Film review from

Posted: February 9, 2013 in Uncategorized
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This has, in a convoluted manner, been a less than successful week, though if looked at from another point of view, it’s been pretty darned amazing. The less than successful bit started with ned boulting, though it would be most unfair to implicate him too deeply in the situation, for he is but the innocent bystander. At track centre in the sir chris hoy velodrome last saturday eve was the first time ned and i had met face to face; electronic conversation had been the precedent up till that point. and in the course of our glasgow tete-a-tete, i confessed to mr boulting that i had, in fact, never been to a velodrome before.

It is likely my own fault for giving the impression that there are few corners of the cycling world that have escaped my personal attentions. in fact there are probably a myriad of such. Ned was surprised.

But i then had the opportunity to view this rather fascinating italian cycle documentary entitled L’Ultimo Chilometro, a movie whose title sounds so much more authentic than its english translation The Last Kilometer.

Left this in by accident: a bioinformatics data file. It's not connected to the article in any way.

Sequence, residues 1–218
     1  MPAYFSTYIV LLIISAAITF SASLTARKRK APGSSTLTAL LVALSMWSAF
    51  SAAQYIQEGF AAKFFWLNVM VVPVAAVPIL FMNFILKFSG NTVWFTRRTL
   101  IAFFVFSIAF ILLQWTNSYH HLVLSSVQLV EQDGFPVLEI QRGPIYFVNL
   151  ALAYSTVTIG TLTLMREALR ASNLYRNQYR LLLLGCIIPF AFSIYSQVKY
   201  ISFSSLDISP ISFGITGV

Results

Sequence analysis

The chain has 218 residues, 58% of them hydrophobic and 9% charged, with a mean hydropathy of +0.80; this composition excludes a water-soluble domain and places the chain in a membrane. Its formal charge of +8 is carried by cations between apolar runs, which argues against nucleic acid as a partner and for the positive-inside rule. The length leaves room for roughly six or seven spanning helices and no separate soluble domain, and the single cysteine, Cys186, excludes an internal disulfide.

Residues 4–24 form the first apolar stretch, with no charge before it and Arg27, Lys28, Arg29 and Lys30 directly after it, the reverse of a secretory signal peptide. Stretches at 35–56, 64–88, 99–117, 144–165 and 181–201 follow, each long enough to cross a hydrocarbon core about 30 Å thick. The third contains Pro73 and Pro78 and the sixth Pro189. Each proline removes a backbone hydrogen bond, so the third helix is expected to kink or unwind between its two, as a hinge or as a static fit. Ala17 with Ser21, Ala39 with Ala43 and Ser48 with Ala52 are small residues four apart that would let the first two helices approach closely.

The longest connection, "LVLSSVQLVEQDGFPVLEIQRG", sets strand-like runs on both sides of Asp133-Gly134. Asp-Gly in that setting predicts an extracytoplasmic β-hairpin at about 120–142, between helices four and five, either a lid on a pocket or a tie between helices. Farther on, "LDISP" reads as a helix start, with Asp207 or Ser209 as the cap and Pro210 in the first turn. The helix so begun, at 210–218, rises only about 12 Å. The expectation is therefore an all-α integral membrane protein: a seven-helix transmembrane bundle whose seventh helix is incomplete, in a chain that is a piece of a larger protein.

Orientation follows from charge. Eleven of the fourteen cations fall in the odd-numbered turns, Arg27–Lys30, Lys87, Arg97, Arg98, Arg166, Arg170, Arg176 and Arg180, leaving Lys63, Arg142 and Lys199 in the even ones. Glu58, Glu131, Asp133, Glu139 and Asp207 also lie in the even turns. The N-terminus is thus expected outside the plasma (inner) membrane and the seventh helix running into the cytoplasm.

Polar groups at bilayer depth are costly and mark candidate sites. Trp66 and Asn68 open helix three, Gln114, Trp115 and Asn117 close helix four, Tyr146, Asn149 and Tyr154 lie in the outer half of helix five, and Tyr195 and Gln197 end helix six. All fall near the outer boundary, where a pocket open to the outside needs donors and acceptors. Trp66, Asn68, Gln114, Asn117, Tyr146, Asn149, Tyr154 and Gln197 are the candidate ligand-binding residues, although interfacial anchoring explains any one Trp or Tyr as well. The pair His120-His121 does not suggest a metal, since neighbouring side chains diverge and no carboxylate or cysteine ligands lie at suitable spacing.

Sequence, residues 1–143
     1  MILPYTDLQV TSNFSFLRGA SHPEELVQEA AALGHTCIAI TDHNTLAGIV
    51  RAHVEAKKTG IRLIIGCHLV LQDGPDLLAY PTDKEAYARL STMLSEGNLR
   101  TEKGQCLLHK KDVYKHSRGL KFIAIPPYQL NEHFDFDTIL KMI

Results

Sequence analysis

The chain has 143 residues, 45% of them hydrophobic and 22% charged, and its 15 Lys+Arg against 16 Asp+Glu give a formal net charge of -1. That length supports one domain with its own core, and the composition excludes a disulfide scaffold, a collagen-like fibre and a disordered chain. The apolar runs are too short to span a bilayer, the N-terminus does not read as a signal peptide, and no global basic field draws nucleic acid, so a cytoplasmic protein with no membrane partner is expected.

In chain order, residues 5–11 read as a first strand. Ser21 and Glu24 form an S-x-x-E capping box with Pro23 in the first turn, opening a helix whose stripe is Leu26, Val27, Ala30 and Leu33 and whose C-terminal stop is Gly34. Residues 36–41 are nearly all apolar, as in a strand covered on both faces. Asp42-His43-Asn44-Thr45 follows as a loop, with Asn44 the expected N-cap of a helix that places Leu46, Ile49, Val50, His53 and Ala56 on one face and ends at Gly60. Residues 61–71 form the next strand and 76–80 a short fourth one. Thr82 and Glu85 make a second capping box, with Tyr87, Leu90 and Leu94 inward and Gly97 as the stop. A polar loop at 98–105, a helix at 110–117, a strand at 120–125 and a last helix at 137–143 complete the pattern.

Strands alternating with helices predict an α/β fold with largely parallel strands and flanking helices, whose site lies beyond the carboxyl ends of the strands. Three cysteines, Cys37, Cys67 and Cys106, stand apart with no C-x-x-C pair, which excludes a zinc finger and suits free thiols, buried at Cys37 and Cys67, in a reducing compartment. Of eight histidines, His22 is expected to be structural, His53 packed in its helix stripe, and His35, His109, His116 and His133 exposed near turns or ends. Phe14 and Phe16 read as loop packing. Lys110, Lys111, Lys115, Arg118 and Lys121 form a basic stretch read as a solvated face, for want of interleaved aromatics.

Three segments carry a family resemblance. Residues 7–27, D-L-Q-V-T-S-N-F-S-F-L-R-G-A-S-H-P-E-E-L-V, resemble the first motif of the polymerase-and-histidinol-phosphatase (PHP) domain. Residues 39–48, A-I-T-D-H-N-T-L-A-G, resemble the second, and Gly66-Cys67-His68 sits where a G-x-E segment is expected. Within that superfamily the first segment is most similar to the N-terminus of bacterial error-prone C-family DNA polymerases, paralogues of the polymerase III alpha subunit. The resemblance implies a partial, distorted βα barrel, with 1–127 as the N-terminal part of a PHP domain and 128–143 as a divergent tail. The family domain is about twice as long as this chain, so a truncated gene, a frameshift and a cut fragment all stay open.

I don’t mind admitting that i have every intention of sticking with the former. However, the movie concerns three entirely disparate individuals, one of whom is the son of Francesco Moser. I confess to being less than clued up on the extensive palmares of francsco moser. i do recall him being the progenitor of disc wheels and holder of the hour record set at altitude in mexico in 1984, and i believe i recallL aurent Fignon moaning endlessly about how the helicopter following moser in the Giro d’Italia was responsible for creating a hindering down-draught during the final time-trial.

All i have come across up till this point painted a less than flattering picture of the three-time winner of paris roubaix. however, perhaps not unsurprisingly, in a documentary at least in part concerning his son, he features regularly, and for me is the highlight of the whole affair. I want to be like him when i grow up, even down to buttoning my polo shirt to the neck.


Ignazio moser at 20 is on the upward slope to a career as a professional cyclist, riding for the Trevigiani Dynamon Bottoli team, still learning the ins, outs and strategies of cycle racing, but now having transferred to the bmc developmental team and, in 2013, facing his first full season as a professional. While ignazio is on the very precipice of his career, davide rebellin, now 41 years old, is pretty much at the opposite end of the spectrum, still attempting to continue an illustrious and yet fallible career at the very top. though a rider who has achieved much, he was also the subject of a doping scandal that provided a consequent ban.